To start with I do believe that we, as humans, have evolved to run barefoot. I think that’s just logical. We weren’t even running in cushioned running shoes until Nike brought out the Nike Cortez in 1972, before then we all ran in thin soled plimsolls. There’s no doubt the Nike Cortez has gone on to become a bit of a classic but they certainly are not considered a running shoe anymore. One of the world’s leading physical therapists, Dr. Gerald Hartman, believes that running shoes have the same effect as putting your foot in a plaster cast and that muscles will suffer 40% to 60% atrophy within 6 weeks.

So going with what Dr. Hartman says, running barefoot will strengthen your feet. As a result your arches will arch up further and you will have better elasticity in the muscles and tendons of the foot. Other advocates of barefoot running cite that running without shoes forces you to adopt a forefoot strike which research has shown to be a more efficient foot strike. Running with a heel strike is akin to putting the brakes on, you are placing resistance on your forward momentum, the most efficient runners land on the mid or forefoot and keep their technique smooth and flowing, much like a barefoot runner.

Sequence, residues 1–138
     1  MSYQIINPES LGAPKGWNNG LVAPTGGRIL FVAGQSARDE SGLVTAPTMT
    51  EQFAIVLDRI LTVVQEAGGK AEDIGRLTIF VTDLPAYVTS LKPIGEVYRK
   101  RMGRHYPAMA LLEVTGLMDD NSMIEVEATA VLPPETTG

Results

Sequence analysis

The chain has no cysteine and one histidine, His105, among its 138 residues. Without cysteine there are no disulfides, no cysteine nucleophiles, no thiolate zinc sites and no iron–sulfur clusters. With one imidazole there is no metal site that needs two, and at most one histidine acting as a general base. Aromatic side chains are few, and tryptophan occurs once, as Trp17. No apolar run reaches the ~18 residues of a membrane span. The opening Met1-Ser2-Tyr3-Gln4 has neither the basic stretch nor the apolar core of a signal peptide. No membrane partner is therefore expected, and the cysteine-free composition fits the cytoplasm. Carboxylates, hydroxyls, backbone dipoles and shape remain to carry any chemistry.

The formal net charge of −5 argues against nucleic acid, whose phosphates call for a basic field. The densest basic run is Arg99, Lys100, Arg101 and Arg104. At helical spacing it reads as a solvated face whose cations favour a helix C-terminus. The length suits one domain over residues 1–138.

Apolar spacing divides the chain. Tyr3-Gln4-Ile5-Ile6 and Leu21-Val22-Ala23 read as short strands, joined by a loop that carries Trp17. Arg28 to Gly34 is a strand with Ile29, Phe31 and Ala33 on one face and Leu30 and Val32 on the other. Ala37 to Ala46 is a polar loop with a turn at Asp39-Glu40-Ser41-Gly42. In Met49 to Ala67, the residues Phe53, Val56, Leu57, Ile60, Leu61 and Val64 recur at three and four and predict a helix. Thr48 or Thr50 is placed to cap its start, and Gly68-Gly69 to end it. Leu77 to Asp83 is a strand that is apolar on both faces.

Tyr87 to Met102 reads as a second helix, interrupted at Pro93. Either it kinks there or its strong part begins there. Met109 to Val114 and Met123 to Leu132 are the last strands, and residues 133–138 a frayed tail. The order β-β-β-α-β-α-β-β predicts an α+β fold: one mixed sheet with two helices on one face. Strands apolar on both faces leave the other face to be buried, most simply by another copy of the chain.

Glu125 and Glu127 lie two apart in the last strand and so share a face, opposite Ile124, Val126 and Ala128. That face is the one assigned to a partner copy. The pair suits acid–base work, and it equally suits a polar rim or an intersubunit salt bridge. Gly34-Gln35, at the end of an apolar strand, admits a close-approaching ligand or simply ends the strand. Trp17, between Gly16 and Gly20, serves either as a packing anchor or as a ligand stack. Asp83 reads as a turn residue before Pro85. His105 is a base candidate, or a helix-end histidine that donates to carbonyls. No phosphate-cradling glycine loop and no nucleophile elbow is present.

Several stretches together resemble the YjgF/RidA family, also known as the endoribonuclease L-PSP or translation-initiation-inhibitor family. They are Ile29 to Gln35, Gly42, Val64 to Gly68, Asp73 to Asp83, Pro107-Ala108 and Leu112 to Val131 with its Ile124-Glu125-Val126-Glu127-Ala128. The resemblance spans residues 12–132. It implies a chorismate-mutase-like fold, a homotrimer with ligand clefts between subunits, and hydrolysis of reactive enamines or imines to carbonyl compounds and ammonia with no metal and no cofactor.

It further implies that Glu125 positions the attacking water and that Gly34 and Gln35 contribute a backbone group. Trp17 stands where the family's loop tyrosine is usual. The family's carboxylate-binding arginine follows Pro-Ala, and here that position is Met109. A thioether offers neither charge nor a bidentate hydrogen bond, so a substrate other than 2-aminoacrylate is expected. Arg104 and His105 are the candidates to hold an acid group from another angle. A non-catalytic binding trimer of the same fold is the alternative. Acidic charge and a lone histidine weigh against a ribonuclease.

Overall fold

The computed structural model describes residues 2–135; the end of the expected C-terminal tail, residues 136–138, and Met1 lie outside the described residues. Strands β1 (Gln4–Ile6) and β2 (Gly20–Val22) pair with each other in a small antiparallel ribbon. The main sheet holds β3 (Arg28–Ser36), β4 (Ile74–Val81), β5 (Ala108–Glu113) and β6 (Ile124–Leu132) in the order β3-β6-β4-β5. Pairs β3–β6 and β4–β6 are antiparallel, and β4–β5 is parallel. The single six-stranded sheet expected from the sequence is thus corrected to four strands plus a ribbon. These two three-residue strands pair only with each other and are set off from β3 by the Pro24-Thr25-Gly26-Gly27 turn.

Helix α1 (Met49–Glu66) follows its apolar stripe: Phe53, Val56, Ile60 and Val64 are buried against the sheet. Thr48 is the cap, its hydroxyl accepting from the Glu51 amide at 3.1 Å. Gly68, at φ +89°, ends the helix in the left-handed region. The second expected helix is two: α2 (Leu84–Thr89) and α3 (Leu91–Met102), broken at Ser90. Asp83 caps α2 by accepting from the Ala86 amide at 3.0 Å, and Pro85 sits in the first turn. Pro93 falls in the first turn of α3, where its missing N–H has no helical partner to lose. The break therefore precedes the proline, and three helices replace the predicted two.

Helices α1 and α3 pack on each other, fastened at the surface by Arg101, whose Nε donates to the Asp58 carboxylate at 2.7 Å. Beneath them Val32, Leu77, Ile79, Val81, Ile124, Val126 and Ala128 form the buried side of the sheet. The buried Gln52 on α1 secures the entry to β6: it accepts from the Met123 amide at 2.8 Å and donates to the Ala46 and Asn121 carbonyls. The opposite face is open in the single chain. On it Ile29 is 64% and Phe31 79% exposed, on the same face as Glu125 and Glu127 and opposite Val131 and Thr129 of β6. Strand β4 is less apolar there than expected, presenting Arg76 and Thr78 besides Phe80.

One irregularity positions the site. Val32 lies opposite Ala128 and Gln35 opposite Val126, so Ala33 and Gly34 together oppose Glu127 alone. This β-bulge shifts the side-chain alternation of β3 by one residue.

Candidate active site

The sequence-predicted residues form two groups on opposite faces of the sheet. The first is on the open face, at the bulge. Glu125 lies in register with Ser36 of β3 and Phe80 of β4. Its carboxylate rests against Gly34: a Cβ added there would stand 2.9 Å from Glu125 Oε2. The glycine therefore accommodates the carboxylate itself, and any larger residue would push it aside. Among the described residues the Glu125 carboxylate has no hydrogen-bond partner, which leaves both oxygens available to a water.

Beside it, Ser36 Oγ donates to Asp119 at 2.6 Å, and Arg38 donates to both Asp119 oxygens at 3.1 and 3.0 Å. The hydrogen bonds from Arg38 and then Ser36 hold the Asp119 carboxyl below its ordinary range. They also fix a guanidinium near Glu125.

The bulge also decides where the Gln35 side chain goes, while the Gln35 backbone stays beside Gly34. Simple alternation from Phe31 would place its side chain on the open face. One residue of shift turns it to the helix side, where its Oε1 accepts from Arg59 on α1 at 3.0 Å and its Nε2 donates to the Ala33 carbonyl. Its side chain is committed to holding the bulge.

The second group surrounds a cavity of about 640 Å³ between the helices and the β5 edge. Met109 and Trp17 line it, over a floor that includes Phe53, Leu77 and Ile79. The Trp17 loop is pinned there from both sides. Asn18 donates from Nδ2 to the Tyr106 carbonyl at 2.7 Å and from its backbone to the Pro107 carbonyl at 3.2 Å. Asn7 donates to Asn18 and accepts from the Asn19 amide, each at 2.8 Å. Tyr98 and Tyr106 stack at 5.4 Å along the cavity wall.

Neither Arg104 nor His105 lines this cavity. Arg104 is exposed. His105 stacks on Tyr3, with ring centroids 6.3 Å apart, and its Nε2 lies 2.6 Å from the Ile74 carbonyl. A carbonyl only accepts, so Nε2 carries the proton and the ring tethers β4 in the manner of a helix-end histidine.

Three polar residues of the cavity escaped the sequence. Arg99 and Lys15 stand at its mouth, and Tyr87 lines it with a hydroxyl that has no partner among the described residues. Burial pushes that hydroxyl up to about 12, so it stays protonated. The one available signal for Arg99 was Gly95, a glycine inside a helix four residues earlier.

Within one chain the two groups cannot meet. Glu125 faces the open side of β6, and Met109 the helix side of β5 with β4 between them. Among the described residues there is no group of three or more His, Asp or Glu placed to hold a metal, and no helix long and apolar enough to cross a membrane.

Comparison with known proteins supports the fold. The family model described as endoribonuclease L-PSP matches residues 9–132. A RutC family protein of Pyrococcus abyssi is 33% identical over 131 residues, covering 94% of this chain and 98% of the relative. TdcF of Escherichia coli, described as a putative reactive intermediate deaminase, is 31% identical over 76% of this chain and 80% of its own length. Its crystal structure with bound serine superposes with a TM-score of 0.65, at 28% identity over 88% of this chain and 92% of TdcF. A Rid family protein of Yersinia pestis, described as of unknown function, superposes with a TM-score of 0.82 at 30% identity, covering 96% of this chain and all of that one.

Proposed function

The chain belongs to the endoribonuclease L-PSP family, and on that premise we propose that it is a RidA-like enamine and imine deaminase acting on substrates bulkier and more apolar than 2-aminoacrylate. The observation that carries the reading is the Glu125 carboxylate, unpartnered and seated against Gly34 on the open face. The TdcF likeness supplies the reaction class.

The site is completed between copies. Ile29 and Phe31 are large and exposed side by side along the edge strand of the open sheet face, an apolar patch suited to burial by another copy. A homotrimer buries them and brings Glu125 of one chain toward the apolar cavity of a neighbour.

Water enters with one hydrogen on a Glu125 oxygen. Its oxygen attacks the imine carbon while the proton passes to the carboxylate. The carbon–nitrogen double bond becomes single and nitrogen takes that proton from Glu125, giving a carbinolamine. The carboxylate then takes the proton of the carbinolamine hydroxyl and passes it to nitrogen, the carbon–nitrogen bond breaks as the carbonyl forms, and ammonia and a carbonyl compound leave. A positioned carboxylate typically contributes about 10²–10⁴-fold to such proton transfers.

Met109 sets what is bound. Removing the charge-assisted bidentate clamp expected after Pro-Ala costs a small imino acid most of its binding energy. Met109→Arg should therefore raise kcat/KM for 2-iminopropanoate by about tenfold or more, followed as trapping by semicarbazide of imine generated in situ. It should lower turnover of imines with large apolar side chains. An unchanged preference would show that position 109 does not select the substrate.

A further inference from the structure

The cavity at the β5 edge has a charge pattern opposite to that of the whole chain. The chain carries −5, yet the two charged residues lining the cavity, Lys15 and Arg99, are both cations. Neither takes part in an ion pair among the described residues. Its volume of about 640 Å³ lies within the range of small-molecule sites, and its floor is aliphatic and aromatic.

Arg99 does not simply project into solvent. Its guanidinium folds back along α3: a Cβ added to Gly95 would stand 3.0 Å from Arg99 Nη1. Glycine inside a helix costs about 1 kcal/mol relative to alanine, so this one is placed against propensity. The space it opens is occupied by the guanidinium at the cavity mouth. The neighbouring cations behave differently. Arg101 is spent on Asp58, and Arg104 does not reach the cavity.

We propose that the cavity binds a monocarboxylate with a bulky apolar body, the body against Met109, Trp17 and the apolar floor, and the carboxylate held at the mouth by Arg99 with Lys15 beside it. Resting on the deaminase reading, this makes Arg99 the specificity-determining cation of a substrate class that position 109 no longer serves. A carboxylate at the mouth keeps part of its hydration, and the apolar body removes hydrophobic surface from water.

Of course there are many people who would not advise you to run barefoot. If you visit a podiatrist regularly you probably know that barefoot running is not one of their recommended cures for foot pain. Instead the orthotics option is still the go to solutions for treating pain in the foot. There’s also compelling evidence that running shoes provide a certain amount of protection from the elements and hazards on the road such as glass, rocks and thorns. To add to this the bottom of the foot, the plantar surface, is not used to barefoot action and as a result is soft and tender. People running barefoot for the first time may experience plantar pain on the soles of their feet. Last of all there is no avoiding the fact that you will look a bit odd running around without any shoes on.